At the beginning of the year, I decided to challenge myself to make one photograph a day of a cultural landscape. This has been both a difficult and rewarding endeavor. Some days I have my shot before 9am and others I’m wondering what to shoot at 11:55pm. One day I might have 60 images to choose from while on another I’ll have a single shot with which to work. But every day, without fail, I manage somehow to get another photograph to post to my Flickr album Every Day 2011.
What is the point? With all the other pressures of graduate school, do I really need another project? As a long time photographer, do I really need to practice light and shadow? Composition? Content? As with any art, I must continue to hone my talent: Once a day isn’t nearly enough.
More than one hundred images later, this project continues to teach me. What is a cultural landscape and how does it differ from the traditional landscape photograph? I’m doing my best to see places not for their inherent picturesque qualities, though this remains a motivation when choosing the shot. Instead, it is important that I show a place that is about the people who have shaped– and been shaped– by the place. Its more than the place, its also the aspect of creation and re-creation. Individuals and groups of people continually impact the places they inhabit. As a landscape architect, this is what it is all about. The people and the place.
Some of these photographs are about the history of it’s making while others are quick moments that will never again occur. Some are re-photographs from earlier to illustrate the changes that have happened due to the weather, the light, or the situation. Each image should be more than simple documentation. How does my study of the place help me understand my role as a designer? How does my study of design influence my role as a photographer? Can an historian also be a designer?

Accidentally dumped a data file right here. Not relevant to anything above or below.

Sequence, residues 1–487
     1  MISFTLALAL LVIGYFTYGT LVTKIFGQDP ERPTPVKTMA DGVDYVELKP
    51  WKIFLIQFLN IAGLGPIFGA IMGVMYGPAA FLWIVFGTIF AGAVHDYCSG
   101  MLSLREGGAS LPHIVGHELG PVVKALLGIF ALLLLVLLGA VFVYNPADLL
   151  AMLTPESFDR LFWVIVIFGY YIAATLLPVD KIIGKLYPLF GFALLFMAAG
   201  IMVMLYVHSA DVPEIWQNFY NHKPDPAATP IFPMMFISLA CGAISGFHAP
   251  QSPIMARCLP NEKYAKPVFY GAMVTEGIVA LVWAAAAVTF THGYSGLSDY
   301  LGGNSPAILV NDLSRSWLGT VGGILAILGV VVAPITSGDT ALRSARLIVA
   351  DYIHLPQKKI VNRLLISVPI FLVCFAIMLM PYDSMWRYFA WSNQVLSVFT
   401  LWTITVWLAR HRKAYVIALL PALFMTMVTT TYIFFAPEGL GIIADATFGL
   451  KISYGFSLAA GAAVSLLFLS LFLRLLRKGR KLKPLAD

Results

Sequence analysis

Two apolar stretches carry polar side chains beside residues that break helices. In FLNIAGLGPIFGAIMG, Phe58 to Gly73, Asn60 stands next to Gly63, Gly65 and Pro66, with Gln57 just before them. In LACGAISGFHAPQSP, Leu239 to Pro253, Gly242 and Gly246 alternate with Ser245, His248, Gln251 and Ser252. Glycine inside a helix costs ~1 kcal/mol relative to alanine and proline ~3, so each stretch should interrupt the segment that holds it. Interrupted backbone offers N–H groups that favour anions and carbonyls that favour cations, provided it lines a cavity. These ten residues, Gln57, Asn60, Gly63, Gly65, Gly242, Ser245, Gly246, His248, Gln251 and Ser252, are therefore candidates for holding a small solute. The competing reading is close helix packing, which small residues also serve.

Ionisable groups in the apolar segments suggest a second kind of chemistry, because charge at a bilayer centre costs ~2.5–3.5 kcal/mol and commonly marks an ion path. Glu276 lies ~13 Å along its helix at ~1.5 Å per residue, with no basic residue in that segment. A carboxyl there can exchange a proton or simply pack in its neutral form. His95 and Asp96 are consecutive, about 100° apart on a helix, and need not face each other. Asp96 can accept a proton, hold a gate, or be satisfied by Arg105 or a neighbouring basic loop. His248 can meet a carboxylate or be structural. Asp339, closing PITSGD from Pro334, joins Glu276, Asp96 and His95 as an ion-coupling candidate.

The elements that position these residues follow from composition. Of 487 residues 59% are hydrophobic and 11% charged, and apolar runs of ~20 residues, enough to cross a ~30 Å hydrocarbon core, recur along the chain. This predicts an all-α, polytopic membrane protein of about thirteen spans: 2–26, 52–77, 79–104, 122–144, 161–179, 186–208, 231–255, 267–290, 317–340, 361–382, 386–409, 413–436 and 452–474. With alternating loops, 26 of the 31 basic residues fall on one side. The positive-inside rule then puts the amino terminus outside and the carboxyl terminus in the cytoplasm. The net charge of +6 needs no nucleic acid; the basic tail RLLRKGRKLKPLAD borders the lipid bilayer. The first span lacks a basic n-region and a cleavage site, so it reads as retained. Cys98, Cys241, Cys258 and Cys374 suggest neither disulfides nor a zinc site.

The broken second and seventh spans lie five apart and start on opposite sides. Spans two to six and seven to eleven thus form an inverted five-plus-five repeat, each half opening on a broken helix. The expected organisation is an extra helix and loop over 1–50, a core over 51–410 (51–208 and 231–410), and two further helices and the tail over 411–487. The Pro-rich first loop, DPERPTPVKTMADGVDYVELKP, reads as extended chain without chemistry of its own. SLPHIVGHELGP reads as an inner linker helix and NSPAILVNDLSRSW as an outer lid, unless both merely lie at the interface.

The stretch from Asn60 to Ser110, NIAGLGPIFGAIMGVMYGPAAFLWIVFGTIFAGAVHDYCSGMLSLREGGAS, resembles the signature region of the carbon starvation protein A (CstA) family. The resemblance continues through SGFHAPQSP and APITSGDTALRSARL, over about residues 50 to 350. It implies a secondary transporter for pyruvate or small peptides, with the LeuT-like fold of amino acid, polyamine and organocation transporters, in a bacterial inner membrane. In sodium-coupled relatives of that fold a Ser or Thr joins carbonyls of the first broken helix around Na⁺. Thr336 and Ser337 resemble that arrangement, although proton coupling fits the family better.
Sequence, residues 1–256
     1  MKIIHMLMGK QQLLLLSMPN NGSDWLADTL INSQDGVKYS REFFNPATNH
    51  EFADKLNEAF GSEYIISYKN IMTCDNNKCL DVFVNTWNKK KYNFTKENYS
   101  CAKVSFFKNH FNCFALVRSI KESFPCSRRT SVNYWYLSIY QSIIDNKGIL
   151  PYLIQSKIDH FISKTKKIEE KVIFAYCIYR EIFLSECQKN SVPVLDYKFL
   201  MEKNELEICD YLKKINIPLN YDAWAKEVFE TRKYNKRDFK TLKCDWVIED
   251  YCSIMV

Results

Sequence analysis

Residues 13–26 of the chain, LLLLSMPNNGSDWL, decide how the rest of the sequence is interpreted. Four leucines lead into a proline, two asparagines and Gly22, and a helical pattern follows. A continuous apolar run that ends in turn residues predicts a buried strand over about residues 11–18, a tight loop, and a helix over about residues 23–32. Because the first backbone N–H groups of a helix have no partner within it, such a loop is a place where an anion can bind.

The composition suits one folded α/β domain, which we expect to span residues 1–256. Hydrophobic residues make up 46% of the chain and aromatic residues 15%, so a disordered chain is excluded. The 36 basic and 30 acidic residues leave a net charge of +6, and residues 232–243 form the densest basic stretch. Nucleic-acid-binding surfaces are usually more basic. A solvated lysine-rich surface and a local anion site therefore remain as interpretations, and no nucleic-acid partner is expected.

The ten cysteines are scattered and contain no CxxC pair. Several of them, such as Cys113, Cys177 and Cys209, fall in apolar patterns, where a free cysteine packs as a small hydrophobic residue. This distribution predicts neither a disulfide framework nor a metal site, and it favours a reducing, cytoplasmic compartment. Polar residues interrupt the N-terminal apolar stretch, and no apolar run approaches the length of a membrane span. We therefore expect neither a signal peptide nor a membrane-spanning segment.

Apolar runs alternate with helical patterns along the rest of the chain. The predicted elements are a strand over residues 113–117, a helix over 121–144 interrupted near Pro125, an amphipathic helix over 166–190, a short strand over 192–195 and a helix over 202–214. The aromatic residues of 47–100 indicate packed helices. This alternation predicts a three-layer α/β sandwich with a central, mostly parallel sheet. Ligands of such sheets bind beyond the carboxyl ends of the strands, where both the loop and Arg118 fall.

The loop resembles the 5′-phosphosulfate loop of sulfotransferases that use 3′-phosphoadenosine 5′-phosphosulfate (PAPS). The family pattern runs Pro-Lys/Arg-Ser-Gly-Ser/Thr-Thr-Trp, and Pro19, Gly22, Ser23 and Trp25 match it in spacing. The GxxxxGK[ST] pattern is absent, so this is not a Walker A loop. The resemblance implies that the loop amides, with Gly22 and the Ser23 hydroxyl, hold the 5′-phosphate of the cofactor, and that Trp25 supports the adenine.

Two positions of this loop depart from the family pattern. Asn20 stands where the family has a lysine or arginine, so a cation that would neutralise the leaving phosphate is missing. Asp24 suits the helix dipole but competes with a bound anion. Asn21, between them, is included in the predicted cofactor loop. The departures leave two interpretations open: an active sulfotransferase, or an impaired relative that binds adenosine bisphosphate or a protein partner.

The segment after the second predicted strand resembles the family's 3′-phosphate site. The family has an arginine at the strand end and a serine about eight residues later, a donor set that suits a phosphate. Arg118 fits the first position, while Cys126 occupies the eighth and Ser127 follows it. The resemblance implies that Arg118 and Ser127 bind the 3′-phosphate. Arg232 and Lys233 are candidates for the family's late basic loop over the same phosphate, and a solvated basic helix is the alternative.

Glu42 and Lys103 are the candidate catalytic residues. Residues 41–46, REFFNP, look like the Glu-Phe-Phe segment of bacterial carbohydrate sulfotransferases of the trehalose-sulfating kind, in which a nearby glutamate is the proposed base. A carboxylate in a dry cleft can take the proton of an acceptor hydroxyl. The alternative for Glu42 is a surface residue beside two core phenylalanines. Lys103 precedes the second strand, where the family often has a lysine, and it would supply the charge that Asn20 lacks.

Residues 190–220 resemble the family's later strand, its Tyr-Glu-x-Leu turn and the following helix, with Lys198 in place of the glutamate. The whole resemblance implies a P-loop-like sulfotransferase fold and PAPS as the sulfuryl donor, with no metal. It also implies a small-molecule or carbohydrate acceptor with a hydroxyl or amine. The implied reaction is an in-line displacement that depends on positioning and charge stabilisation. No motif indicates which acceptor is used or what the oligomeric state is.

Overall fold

Graduate school is continually challenging me to think outside-the-box. I’m trained as a researcher and I already have experience as a documentarian. I have spent a large part of my adult life as an observer. But the point of going to graduate school is, for me, to learn how to affect the world around me. To reflect on precedent, to speak in the language of form-vocabulary, and to create something new and different from what is already there is one of my primary goals as a student of landscape architecture. To do it artistically is one of my personal goals as an individual.
Every Day 2011 allows me to return to what I know best: Documentary. And the challenge of finding something unique in my everyday surroundings sometimes is the only thing that keeps me grounded as I struggle with the overwhelming charge to create something new.